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Egypt's Islamic-Led Bloc Threatens Vote Boycott

A coalition led by Egypt's Muslim Brotherhood has threatened to boycott parliament elections scheduled for late November unless the country's military rulers amend a disputed new electoral law.

A joint statement posted Wednesday on the Brotherhood's Freedom and Justice Party website demanded changes that would effectively prevent many supporters of former president Hosni Mubarak from running for office.

The bloc objects to a controversial measure under which political parties are not allowed to contest a third of the seats in parliament, which are reserved for independent candidates. Many Egyptian political groups say the restriction would make it easier for former members of Mubarak's now-banned National Democratic Party to run.

The statement was signed by the Democratic Alliance, a large electoral coalition that includes Freedom and Justice - Egypt's most powerful political party - as well as the liberal Wafd Party.

The alliance also demanded the ruling military council pass a law that would ban officials involved in the misuse of power under Mr. Mubarak from running in elections for the next 10 years.

In Washington, U.S. Secretary of State Hillary Clinton said the United States would like to see Egypt’s interim administration end emergency rule as soon as possible.

Clinton suggested Egypt's democratic transition would be impeded if emergency rule is not lifted sooner than the June 2012 date set by the military. The widely despised law was tightened after a mob attack earlier this month on the Israeli embassy in Cairo.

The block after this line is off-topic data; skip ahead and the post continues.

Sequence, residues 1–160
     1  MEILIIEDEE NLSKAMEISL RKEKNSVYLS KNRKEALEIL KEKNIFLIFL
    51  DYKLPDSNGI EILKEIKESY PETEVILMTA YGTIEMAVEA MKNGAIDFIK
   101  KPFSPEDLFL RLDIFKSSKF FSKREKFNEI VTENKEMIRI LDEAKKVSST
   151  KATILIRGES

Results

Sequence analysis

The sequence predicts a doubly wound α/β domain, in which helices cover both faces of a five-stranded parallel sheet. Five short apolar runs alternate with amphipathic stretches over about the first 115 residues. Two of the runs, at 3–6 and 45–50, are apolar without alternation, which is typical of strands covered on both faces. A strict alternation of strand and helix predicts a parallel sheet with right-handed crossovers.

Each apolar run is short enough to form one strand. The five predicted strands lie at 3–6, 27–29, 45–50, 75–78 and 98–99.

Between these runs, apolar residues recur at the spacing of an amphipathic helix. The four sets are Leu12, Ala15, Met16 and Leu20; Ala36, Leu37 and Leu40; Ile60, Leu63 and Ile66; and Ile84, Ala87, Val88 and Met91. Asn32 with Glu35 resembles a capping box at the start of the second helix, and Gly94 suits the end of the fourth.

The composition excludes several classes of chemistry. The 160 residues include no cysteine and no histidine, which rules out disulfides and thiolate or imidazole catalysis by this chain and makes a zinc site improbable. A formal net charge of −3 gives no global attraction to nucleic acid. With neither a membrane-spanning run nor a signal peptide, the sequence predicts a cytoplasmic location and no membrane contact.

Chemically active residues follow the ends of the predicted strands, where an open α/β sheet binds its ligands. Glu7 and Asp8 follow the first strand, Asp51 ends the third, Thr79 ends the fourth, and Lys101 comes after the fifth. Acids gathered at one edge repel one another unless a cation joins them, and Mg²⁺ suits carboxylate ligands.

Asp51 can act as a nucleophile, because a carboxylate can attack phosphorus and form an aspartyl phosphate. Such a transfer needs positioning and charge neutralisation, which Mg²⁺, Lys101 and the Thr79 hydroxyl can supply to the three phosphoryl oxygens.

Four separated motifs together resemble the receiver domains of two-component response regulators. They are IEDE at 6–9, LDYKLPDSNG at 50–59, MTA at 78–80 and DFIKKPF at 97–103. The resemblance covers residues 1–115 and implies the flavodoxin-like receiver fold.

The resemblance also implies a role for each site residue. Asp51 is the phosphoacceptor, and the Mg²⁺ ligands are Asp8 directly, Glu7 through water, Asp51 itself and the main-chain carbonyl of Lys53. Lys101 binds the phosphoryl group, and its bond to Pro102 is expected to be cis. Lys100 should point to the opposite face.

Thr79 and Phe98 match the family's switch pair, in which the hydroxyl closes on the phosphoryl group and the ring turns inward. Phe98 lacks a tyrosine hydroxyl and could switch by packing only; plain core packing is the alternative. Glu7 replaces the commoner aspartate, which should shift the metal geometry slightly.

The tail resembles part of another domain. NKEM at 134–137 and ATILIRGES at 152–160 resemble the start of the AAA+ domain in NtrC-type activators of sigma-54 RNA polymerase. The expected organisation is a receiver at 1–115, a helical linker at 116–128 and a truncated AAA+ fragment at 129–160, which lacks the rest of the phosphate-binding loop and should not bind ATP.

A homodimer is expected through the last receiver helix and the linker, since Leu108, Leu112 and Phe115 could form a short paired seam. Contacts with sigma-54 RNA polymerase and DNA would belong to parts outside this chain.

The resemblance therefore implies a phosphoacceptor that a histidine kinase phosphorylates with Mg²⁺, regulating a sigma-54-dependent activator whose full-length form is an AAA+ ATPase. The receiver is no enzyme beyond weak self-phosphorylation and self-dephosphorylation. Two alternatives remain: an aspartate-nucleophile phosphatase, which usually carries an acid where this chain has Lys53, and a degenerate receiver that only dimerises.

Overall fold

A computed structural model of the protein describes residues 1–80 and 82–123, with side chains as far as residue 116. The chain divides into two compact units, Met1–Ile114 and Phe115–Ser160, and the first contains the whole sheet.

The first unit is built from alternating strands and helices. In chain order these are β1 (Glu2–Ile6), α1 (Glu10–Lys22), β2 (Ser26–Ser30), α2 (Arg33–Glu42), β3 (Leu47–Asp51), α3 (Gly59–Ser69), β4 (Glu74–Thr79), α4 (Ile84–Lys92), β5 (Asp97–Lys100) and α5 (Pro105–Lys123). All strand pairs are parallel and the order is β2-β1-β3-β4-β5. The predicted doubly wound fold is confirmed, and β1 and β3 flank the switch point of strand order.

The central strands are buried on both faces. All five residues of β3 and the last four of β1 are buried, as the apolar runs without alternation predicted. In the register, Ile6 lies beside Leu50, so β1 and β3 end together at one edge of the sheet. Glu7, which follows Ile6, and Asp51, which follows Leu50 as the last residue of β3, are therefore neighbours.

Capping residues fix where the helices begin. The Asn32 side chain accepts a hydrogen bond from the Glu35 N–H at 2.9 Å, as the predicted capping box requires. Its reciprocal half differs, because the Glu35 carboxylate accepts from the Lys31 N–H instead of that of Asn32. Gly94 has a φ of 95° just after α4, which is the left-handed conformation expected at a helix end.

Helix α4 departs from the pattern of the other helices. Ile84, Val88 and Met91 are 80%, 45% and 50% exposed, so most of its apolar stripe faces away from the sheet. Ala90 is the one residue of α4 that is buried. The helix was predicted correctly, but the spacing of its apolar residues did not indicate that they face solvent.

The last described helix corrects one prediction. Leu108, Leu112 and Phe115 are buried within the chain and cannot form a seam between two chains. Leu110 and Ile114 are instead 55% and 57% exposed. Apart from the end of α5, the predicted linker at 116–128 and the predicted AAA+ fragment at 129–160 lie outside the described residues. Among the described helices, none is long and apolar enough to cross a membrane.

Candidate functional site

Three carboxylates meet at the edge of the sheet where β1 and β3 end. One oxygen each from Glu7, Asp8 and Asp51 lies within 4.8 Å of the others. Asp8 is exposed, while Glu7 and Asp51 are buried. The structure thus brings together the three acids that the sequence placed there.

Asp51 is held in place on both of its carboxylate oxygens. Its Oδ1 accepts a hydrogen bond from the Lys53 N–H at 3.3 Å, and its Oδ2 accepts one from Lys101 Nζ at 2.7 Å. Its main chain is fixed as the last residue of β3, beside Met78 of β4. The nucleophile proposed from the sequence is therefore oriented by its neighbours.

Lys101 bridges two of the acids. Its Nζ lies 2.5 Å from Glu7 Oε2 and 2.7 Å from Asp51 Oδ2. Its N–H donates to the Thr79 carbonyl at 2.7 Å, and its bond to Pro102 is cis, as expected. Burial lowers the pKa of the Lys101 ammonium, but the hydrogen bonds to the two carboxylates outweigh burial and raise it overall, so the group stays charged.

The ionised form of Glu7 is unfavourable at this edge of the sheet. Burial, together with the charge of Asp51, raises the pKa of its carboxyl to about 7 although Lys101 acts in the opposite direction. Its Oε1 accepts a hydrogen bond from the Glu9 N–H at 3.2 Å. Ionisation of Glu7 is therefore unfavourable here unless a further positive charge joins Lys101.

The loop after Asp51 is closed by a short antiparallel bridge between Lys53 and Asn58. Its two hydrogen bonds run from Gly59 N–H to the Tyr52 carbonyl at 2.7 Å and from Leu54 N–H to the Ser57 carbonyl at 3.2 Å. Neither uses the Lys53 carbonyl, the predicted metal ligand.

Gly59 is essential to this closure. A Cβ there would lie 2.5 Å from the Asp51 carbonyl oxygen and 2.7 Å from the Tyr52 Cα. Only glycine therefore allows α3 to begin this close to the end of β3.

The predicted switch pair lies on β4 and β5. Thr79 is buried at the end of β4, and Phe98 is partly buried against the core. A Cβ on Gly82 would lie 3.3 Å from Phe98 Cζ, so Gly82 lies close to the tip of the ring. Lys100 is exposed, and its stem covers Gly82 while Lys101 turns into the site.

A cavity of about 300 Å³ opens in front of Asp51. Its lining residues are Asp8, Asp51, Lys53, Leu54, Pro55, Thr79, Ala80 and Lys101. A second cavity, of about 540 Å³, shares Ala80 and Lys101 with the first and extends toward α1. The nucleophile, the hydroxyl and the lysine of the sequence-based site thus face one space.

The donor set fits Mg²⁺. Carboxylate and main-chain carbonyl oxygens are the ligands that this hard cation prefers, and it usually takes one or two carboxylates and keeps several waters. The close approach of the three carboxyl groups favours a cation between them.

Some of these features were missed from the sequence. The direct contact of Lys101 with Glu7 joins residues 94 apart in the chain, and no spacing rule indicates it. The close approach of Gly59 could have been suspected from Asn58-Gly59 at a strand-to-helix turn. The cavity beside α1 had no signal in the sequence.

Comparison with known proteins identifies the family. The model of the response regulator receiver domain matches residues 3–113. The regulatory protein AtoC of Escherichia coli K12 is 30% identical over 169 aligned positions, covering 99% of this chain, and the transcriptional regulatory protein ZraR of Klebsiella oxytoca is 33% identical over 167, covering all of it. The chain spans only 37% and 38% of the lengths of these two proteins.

The top U.S. diplomat praised Egypt's leaders for helping defuse tensions with Israel after the September 9 assault and acknowledged the key role it expects Cairo to play in forging a Mideast peace accord.

Clinton's Egyptian counterpart, Foreign Minister Mohamed Kamel Amr, said his country would like to see Israel and the Palestinians resume direct peace negotiations as soon as possible. Amr also called Israeli settlement activity an impediment to peace that must be stopped.

Earlier Wednesday, an Egyptian court sentenced former information minister Anas al-Fiqqi to seven years in prison on corruption charges for squandering public money.

The Cairo court also handed down a five-year sentence to former state television chief Osama el-Sheikh on similar charges. Egyptian courts have already convicted several other members of Mr. Mubarak's government.

The former president himself is on trial for corruption, abuse of power and complicity in the killing of protesters during the 18-day uprising that led to his resignation earlier this year. He has denied the charges.

Some information for this report was provided by AP, AFP and Reuters.